‘United, collaborative, connected’: How Dr Lynne Munro hopes to transform cycling


For more than a decade Dr Lynne Munro has helped sprint cyclists across the world harness their full potential on the track.

Dr Munro has worked at the highest level as a sprint coach and has an impressive palmares.

She led the national track sprint team at the 2022 Birmingham Commonwealth Games, where Australia bagged a swag of medals as well as set new Commonwealth Games records in men's team sprint and women’s time trial.

Just months later, the Australian men’s team sprint went on to be crowned world champions at the 2022 UCI Track Cycling World Championships.

“Leading the national team at the Comm Games was a very humbling experience indeed. It was very emotional watching our flag go up having coached the winning athlete or team,” Dr Munro said.

“[And] the men’s team sprint winning the World Championships is of course an incredible thing to be part of. I’m super proud of what we’ve achieved in this and the year as a whole as co-lead [with Matt Crampton].”

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Dr Lynne Munro with the Commonwealth Games Men's Sprint Team Leigh Hoffmann, Matthew Richardson and Matthew Glaetzer.

But despite all her achievements she has not been immune to the challenges and bias that can exist in sport.

“For years being the only female coach at my level in the world, and a gay woman too, I have personally experienced inequity, have faced challenges and barriers that isolate, disconnect and limit,” she said.

“I think we can be blissfully unaware, unquestioning or resigned to accepting ‘how things are’, not realising there can be an alternative. When it impacts you personally, maybe you start becoming more attuned.

“Imagine if we could plant some seeds through our sport, where people open up from places of limited experience or awareness and connect. We can create a wonderful future if our environments become highly interconnected eco-systems where we are co-operatively evolving.”

Through her new role as AusCycling’s Head of Inclusion and Connection Dr Munro hopes to transform that narrative, not only nationally, but to contribute to “global change” too.

“When we talk ‘transformation’ we are talking shifting the underlying system and structures , as opposed to doing different things but repeating the same ‘ways’ we do them. Working together, in new ways, is the first step to the solution,” Dr Munro said.

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Dr Lynne Munro is AusCycling's inaugural Head of Inclusion and Connection.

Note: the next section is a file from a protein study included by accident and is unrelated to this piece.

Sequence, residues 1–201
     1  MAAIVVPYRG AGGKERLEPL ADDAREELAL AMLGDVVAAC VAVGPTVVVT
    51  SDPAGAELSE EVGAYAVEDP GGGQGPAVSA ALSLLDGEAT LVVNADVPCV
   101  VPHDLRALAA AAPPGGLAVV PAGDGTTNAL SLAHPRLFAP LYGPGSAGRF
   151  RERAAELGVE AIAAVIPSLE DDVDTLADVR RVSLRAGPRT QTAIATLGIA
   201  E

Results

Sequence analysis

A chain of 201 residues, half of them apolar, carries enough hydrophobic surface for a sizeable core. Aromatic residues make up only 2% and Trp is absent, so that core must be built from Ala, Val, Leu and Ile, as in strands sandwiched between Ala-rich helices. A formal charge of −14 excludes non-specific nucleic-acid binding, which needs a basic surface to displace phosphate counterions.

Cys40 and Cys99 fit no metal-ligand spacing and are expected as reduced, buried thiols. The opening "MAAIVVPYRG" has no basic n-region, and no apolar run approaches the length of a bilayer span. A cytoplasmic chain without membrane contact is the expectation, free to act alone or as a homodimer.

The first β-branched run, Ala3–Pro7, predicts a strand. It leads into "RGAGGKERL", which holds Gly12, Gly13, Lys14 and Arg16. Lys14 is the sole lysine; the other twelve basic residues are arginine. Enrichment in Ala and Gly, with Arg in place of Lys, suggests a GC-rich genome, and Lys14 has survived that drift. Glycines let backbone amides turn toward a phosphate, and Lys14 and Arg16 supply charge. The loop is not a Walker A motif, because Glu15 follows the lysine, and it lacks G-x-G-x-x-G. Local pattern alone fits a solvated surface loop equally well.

Dr Munro’s appointment is part of AusCycling’s commitment to make cycling and riding safe, welcoming and all-inclusive.

AusCycling last year formed a Diversity and Inclusion Advisory Group with the aim to improve opportunities and participation across several areas, including gender equality and gender equity, Indigenous populations, diverse sexes and sexualities, those with a disability, plus culturally and linguistically diverse backgrounds.

In her new role, Dr Munro will work closely with the advisory group.

“The vision is a united, collaborative and connected community. A network of people and places where anyone can explore riding a bike in whichever way they choose, where people can show up fully, have rich experiences, and be part of co-creating a future of freedom and possibility through bike riding,” she said.

“The foundation of this is in the title. Inclusion: everyone knowing they belong, knowing they have an equal voice and opportunity. Everyone’s aspirations and experiences being not only respected and understood, but invaluable to our direction, influencing we what do and how we do it.

“Connection is about being holistic and integrated. This starts with self, flows out to community and society, and embraces the deep interconnection to our land and environments. We share a interwoven story and identity. ‘Connected’ is not just how we want to be, but also how we want to engage and what we want to experience.”

At an elite level, Dr Munro says there is an opportunity to find the performance advantage in diversity, inclusion and connection.

“We need diverse perspectives, diverse approaches, environments where we can show up fully, bring out our unique super strengths as staff and athletes, but, critically, the ability to also find cohesion and directionality within this. Our established methodologies are very reductionist and have been built around developing male, able-bodied, athletes. Our environments are pale, male and, often, stale!”

“There is a need to explore entry points, pathways, and environments, to ensure everyone has access and equal opportunity to find their ‘best’. There is an opportunity to shift how we think, lead and to realise the power of unitive practice.”

Dr Munro is optimistic for the future of cycling in Australia and what she can achieve in her new role.

“Inclusive and connected networks are a force of nature. Connecting with people from different backgrounds opens our eyes, minds and hearts, we get exposed to how it could be to think differently, live a different way, do different things, It accelerates our growth” she said. “If we create spaces of belonging for all people, increase the richness of our environments and harness collective potential, we start to really shift the dial. Riding a bike and cycling is so powerful for enabling freedom of experience, there truly is no better sport to lead the way in driving transformation”.

Dr Munro will remain as Performance Specialist within the sprint team as they continue building towards 2024 Paris Olympics.

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